Danielle S. Molnar

Associate Professor

Danielle S. Molnar

Office: CRN 329
905-688-5550 x6127
dmolnar@brocku.ca

Dr. Molnar is a social/personality psychologist. At the broadest level, her multidisciplinary research is focused on understanding the biological, psychological, social, and developmental factors that contribute to health, adjustment, and well-being across the lifespan, with a particular focus on perfectionism during the developmental period of adolescence. Questions of interest in Dr. Molnar’s lab include: How do trait, cognitive, and behavioural elements of perfectionism differentially contribute to health, well-being or adjustment? What processes (e.g., stress, social disconnection) explain the links between perfectionism and adjustment/health/well-being? Within a family systems framework, how is perfectionism related to the quality of the adolescent-parent relationship and does the adolescent-parent relationship affect links between perfectionism and adjustment/health/well-being? From a lifespan perspective, do the associations between perfectionism and health or between perfectionism and well-being vary as function of the developmental period (e.g., middle childhood, adolescence, emerging adulthood etc.)? Dr. Molnar draws from multiple perspectives such as psychology, sociology, immunology, and psychoneuroendocrinology and uses multiple methods (e.g., biomarkers, physiological assessments, surveys, photo elicitation, interviews, focus groups) to address the complexity of these research questions.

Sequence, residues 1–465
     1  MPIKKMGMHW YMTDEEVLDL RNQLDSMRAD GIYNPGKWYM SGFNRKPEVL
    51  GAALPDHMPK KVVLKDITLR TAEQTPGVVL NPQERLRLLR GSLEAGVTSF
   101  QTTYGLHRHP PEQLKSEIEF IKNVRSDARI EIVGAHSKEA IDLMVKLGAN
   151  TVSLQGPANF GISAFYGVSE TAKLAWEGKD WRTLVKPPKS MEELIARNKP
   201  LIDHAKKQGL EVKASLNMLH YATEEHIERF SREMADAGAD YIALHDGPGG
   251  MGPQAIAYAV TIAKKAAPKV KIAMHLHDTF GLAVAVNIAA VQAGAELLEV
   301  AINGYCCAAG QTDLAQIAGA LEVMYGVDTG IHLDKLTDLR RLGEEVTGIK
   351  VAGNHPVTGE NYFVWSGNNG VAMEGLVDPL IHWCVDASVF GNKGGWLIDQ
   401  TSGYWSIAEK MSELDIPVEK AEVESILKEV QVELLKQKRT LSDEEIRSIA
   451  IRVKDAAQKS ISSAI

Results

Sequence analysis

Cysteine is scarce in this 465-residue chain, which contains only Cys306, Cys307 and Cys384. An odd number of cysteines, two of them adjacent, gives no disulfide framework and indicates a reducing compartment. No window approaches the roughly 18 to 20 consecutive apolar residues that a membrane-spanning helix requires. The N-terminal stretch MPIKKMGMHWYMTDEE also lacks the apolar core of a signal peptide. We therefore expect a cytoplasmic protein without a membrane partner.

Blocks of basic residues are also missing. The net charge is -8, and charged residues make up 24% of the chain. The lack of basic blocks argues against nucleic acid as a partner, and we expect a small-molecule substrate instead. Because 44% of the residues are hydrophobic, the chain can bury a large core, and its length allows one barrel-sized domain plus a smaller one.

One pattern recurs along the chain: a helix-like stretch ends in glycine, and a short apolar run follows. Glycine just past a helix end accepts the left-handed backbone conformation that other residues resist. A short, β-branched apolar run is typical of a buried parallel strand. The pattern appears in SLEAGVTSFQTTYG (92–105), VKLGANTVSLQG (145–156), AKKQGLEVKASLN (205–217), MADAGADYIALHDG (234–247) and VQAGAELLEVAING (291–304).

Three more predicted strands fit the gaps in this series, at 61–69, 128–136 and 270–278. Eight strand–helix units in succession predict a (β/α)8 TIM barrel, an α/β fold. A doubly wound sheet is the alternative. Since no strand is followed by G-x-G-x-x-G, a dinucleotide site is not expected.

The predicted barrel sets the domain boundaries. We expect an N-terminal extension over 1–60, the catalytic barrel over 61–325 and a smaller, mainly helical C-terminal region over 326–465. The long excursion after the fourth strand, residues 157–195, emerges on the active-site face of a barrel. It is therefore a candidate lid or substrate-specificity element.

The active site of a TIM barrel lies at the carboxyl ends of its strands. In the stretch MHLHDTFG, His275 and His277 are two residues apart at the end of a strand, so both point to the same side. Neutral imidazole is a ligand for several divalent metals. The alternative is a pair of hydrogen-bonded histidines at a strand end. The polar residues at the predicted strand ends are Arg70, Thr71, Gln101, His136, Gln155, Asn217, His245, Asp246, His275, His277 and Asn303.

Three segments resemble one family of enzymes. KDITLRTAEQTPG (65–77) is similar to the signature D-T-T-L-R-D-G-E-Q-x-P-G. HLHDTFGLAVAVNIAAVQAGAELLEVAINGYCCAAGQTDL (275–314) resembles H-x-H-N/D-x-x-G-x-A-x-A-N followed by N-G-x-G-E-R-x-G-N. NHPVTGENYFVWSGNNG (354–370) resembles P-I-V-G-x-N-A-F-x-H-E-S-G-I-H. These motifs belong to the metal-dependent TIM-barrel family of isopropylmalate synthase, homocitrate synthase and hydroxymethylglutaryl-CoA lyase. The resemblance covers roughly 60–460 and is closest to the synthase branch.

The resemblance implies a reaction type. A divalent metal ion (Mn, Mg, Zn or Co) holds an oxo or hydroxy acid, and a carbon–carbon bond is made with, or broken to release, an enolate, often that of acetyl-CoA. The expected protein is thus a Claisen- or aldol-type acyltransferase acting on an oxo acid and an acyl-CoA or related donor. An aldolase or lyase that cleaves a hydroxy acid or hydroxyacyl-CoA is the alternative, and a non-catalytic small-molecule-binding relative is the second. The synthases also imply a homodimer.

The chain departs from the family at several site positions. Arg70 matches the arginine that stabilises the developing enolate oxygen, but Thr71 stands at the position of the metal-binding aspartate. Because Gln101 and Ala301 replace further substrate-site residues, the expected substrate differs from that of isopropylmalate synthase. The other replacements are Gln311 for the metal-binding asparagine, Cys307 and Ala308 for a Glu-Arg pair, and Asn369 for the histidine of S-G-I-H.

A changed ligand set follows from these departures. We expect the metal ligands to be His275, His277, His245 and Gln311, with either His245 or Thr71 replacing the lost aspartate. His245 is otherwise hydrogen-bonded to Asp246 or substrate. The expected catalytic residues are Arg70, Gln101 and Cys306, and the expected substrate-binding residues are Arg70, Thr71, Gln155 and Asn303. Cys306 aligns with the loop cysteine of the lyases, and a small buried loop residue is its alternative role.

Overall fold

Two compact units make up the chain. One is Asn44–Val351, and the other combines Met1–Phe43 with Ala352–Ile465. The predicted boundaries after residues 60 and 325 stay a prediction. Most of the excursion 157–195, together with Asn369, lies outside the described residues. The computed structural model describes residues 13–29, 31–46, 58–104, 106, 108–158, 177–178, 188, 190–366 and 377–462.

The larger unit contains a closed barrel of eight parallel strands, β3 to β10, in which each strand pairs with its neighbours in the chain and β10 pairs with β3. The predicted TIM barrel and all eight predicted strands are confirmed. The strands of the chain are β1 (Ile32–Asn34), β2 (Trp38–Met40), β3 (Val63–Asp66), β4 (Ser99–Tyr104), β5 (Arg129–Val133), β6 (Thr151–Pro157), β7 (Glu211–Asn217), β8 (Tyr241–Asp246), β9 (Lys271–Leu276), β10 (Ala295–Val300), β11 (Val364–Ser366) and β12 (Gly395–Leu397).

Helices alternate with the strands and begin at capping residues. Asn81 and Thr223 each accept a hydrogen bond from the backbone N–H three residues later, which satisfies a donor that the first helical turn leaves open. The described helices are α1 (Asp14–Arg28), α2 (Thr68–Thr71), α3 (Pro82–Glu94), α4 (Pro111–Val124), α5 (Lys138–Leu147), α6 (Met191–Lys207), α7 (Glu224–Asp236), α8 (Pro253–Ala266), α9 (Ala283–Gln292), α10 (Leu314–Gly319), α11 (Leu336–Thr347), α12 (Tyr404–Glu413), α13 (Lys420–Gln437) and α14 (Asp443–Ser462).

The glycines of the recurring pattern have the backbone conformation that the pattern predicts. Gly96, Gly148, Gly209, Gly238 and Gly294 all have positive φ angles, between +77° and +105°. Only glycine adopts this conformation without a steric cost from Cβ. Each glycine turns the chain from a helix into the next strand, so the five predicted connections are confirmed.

Dr. Molnar has a passion for statistics and a solid background in quantitative methods. She teaches foundational statistics courses at both the graduate and the undergraduate level and is particularly interested in statistical modeling, dyadic data analysis, and longitudinal data analyses. Please visit Dr. Molnar’s lab website.

Focused on understanding the biological, psychological, social, and developmental factors that contribute to health and well-being across the lifespan, with a particular focus on early and middle childhood.